The Joyful Mysteries are aptly named. At the root of their title, I suspect, is the acknowledgement that for humanity, the light had finally dawned. The reversal of our unhappy state had finally come with the conception and birth of the Messiah. And yet, the Joyful Mysteries are also shrouded in fear and danger, as well, because, as we know, the darkness wars against the light. How strongly must it have raged, now that the Eternal Word was so vulnerable! And yet, due to the preparation for his coming, which we meditated upon yesterday, the little Lord Jesus was welcomed and protected. Today, we meditate upon and celebrate the rising of the divine sun (son) by whose light we now properly see the world, ourselves, and our beloved God.
The first Joyful Mystery: The Annunciation of the Blessed Virgin Mary“The angel said to her, ‘Do not be afraid, Mary, for you have found favor with God. And now, you will conceive in your womb and bear a son, and you will name him Jesus. He will be great, and will be called the Son of the Most High, and the Lord God will give to him the throne of his ancestor David. He will reign over the house of Jacob forever, and of his kingdom there will be no end.’” (Luke 1:30-33)
As we saw in the Messianic Mysteries yesterday, Mary, herself, was a gift to the world. The New Eve, preserved from sin, dedicated to God, and entrusted to St. Joseph's care, had every reason to expect that her life would be one of quiet prayer and service. I suppose her Immaculate Heart burned with a great desire to give herself more radically to God--a desire this consecrated religious can relate to. Yet, I imagine that no amount of holiness could have prepared her for the mission that God actually asked of her. To be the mother, not just of the Messiah as the people commonly understood him, but the mother of God's own son--the product of a miraculous conception through the Holy Spirit. This mission would place her in a very uncomfortable position. Her reputation was one of purity and piety--how would it look to the world when she was found pregnant before her marriage to Joseph had really begun? I'll tell you, it would look like hypocrisy on the highest level, else, a violation of the worst kind. People would not understand, and would she have the words to explain?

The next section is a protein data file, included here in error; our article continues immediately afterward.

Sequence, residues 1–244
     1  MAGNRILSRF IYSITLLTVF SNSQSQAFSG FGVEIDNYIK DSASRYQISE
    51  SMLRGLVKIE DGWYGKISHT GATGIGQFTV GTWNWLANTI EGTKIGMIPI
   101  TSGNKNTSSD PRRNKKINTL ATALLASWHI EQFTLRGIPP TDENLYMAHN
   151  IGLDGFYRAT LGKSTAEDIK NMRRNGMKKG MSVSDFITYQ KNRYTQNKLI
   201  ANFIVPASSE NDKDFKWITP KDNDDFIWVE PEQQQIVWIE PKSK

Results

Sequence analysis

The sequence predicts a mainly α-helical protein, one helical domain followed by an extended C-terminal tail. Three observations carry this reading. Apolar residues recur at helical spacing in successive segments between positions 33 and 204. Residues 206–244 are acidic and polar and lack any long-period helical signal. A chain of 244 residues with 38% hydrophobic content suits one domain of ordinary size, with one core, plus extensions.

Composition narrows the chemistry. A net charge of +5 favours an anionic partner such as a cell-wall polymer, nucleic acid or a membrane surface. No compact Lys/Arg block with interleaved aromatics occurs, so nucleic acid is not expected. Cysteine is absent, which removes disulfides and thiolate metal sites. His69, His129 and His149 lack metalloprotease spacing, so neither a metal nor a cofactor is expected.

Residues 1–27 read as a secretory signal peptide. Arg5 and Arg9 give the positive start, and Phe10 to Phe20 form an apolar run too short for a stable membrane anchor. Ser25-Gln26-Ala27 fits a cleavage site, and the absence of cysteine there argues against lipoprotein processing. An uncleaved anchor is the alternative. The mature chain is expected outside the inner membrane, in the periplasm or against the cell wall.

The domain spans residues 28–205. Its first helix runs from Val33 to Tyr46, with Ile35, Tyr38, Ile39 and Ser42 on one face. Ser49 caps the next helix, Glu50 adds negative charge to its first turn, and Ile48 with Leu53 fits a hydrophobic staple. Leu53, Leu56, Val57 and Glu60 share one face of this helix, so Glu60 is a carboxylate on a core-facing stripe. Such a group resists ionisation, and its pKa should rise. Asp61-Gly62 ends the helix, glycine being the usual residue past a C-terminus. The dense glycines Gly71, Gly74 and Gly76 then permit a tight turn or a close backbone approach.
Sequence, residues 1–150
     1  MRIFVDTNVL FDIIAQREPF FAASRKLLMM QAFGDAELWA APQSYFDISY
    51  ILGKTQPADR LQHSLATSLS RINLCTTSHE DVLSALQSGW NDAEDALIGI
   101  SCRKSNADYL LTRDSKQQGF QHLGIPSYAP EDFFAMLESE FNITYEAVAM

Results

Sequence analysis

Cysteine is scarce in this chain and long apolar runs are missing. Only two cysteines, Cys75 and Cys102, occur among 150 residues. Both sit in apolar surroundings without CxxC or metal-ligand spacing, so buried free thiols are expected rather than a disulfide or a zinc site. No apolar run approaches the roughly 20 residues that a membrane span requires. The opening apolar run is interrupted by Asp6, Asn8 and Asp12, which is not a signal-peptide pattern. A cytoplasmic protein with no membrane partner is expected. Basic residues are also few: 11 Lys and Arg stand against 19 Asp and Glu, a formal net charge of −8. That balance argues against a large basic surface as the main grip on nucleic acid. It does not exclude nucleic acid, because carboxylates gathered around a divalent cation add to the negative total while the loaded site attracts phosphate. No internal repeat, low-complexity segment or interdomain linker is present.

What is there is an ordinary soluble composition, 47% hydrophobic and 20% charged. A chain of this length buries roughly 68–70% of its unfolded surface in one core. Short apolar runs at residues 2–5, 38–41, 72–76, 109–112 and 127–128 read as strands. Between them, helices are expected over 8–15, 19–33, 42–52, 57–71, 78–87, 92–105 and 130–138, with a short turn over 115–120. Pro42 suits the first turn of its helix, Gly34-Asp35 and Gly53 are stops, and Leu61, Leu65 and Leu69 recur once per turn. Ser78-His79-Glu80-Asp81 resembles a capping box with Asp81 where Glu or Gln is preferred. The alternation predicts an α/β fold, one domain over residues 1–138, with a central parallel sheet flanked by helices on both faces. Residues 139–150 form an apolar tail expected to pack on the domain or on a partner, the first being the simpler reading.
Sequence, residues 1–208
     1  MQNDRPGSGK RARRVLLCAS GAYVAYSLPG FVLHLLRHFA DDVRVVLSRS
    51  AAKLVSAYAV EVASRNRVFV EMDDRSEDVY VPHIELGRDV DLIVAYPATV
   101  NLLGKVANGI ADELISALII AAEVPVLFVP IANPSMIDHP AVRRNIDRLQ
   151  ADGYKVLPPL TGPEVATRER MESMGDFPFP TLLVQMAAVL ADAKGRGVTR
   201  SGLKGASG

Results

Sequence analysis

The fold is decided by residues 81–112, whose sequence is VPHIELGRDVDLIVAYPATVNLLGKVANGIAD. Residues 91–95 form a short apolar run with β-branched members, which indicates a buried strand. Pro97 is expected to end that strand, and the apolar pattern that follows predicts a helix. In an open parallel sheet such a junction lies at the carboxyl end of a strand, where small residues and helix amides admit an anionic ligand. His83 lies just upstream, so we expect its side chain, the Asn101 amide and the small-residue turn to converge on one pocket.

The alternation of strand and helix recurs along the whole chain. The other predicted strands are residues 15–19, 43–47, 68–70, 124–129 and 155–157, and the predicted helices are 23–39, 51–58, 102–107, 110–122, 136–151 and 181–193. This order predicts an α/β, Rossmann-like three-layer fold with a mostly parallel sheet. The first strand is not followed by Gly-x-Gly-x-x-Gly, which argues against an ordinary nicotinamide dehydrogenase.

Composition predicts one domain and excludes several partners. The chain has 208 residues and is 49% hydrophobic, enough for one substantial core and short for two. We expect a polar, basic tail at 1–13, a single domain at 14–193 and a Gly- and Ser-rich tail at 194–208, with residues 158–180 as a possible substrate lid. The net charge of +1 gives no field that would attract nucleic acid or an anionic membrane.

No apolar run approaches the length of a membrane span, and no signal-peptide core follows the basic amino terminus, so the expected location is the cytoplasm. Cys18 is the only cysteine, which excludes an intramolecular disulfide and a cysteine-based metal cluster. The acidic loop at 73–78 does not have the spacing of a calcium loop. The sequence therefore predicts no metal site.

Yet, we know that Mary boldly says "yes" to God's mission for her. She put herself in great danger by doing so--but what would the meaning of her life be, if her holiness did not persuade her to always choose God's will over her own? This question is put to us through this mystery, as well.
Also, in this mystery, we meditate upon the highest joy--that God the Eternal Word chose to come to earth to be among us, and to show us what we were always meant to be like. Our humanity is defined by Jesus, so it is to him that we see ourselves most clearly. Of course, Jesus is also the highest revelation of the God's nature. No book written by men, however holy, could say what Jesus would say about God in his life and death and resurrection. This revelation began at the Annunciation.
The second Joyful Mystery: The Visitation of the Blessed Virgin Mary to her Cousin St. Elizabeth.
“In those days Mary set out and went with haste to a Judean town in the hill country, where she entered the house of Zechariah and greeted Elizabeth. When Elizabeth heard Mary’s greeting, the child leaped in her womb. And Elizabeth was filled with the Holy Spirit and exclaimed with a loud cry, ‘Blessed are you among women, and blessed is the fruit of your womb. And why has this happened to me, that the mother of my Lord comes to me? For as soon as I heard the sound of your greeting, the child in my womb leaped for joy. And blessed is she who believed that there would be a fulfillment of what was spoken to her by the Lord.” (Luke 1:39-45)